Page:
La Trobe University has been forced to drop all disciplinary proceedings against Safe Schools coordinator Roz Ward, just 48 hours after initiating them. This is an important victory for academic freedom, workers’ rights and free political expression.
Ward was facing discipline as a result of a private Facebook post in which she expressed unpatriotic sentiments toward the flag and a jocular disrespect for the state government. The post was seized on by the Murdoch press as part of its long-running and hysterical campaign against Ward and the Safe Schools program. It was further invoked to rally an array of right wing figures behind the call for Ward to be sacked.
The university duly complied, standing her down.
A concerted campaign led by the National Tertiary Education Union in defence of Ward tapped into widespread outrage about this abject capitulation and into concerns about the implications should such victimisation be allowed to stand. The precedent would be clear: that it is permissible for employers to sack staff because of their private political views, to discipline staff when their views are not pleasing to governments or media moguls, and to police political expression of staff to ensure continued funding or placate corporate supporters.
The success of the defence campaign demonstrates that democratic rights still matter, and that the powerful don’t always get their way. Much as the ideological zealots at the Australian would like to dictate the political leanings of every prominent person, this campaign highlights that they cannot do so without pushback. And it confirms that the best way to stand up to the belligerence of the right is not to cower or attempt to appease, but to fight back.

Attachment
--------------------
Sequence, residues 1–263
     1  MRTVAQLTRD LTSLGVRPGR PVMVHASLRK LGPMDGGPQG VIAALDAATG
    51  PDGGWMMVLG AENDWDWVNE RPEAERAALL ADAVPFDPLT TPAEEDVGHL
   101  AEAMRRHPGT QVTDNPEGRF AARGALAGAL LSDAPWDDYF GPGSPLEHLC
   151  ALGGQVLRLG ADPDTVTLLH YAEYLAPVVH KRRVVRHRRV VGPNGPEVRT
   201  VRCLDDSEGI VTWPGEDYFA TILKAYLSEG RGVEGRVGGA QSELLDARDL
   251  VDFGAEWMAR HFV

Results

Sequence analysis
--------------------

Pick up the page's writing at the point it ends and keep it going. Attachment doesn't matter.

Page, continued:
In contrast to the state government withdrawing support for Ward in favour of cheering on the Australian flag, the strong stand taken by the NTEU was decisive. It not only inspired confidence in wide layers of people to rally behind the cause, but also shifted the entire focus of the debate.
Instead of Roz or Safe Schools being under scrutiny, the actions of the university and its conservative backers became the issue. Their trampling on the industrial rights of workers, freedom of expression for academics and political rights for everybody became plain to see, and served to galvanise an array of organisations and individuals.
The speed at which the university was forced to relent now sets a positive precedent in the other direction. Universities and other employers should in future think twice before attempting to control the political expression of their employees. And workers will feel a little less concerned that the powers that be are looking over their shoulder, waiting to drive them from their job if they speak their mind about something.
It has been a real strength of the campaign that support for Ward has come from such a wide range of individuals and organisations, including many which have no particular sympathy with her Marxist political views but defend her right to have them.